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Rural Health Leadership Radio™

Over the last ten years, over 100 rural hospitals have closed their doors. Roughly one in three rural hospitals have been identified as “at risk.” If there was ever a need for strong leadership, that time is now. RHLR’s mission is to provide a forum to have conversations with rural health leaders to discuss and share ideas about what is working, what is not working, lessons learned, success stories, strategies, things to avoid and anything else you want to talk and hear about. RHLR provides a voice for rural health. The only investment is your time, and our goal is to make sure you receive a huge return on your investment. For more information, visit www.rhlradio.com or e-mail bill@billauxier.com.
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Now displaying: February, 2017
Feb 28, 2017

Joanie Perkins serves as the Chief Compliance Officer at North Sunflower Medical Center, a critical access hospital in Ruleville, Mississippi. Her love for medicine stemmed from her mother, who worked as an emergency room registered nurse in Dayton, Ohio, and would come home and tell her children stories about what had transpired throughout her day. This sparked a love of medicine in Joanie and her 10 brothers and sisters, about half of which went into medicine themselves.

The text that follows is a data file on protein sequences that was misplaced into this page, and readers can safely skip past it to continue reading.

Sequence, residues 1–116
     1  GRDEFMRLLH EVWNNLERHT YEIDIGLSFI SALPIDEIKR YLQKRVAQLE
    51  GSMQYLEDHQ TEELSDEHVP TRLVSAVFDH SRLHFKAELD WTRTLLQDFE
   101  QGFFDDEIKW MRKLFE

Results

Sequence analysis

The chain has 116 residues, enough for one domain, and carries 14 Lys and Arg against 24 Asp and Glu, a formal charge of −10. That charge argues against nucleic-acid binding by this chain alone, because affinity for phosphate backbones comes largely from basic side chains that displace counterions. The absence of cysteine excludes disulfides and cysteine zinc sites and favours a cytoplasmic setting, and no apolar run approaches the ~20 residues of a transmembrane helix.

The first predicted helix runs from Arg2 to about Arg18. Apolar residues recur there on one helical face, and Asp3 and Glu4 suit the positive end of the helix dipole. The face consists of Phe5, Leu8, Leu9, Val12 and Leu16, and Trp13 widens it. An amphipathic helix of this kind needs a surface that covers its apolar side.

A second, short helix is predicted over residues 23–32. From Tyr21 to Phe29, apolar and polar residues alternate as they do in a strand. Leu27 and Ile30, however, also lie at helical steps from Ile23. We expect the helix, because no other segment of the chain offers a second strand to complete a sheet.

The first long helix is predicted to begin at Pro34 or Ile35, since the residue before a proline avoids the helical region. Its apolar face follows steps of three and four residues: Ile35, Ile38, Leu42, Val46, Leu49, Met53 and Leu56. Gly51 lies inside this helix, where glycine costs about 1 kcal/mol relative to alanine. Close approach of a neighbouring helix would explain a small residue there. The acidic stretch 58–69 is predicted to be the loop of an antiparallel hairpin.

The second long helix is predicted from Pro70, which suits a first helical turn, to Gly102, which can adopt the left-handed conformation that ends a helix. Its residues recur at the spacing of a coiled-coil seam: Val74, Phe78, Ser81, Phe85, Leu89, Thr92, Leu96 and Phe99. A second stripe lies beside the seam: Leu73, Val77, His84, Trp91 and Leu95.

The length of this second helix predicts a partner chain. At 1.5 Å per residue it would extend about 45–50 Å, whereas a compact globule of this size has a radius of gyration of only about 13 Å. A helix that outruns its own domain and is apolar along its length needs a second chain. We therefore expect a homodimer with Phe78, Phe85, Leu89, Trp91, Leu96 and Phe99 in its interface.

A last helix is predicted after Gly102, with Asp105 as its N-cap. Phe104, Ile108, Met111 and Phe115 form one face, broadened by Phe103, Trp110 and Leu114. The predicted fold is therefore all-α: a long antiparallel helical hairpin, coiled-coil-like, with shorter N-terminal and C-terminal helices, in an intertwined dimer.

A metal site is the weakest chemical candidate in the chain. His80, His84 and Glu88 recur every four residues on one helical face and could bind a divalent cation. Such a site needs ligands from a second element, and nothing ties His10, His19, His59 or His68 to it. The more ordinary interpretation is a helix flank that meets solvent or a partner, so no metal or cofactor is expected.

“Once I learned about the special nuances of rural healthcare and how important it was, especially across the heartland in the Midwest, I was hooked.”

Joanie has focused on rural health for the past 20 years, specializing in rural health clinics and critical access hospitals, and she has worked in healthcare management for 37 years. She formed J.P. Consulting in 1987, an organization specializing in outpatient billing and clinic start-ups. As the need for rural consulting grew, Joanie divided the business off, and now acts as the principal consultant for J.P. Consulting, working with clinics and critical access hospitals nationwide.

Joanie serves rural areas by participating in the National Rural Health Association (NRHA) Congress, the primary care Health Resources and Service Administration (HRSA) committee and the Centers for Medicare and Medicaid Services (CMS) rural focus committee. 

She has presented as a rural expert on multiple subjects at the NRHA, the National Rural Health Clinic Association, the New England Rural Roundtable Conference and several state rural associations. She is a past board member and president of the Mississippi Rural Health Association, and has enjoyed facilitating a series of workshops for rural health clinics across the state of Mississippi.

Feb 21, 2017

Dr. Mark Hamed serves as Medical Director of the Departments of Emergency and Hospitalist Medicine at McKenzie Health System, a critical access hospital in Sandusky, Michigan. He made a huge impact on the local community when he spearheaded an “Oxy-Free” ED initiative in 2013 to combat the opiate abuse epidemic.

“You have to have a vision and a passion for what you believe in.”

Dr. Hamed serves as a faculty member at three medical schools, including Michigan State University, Central Michigan University and Wayne State University.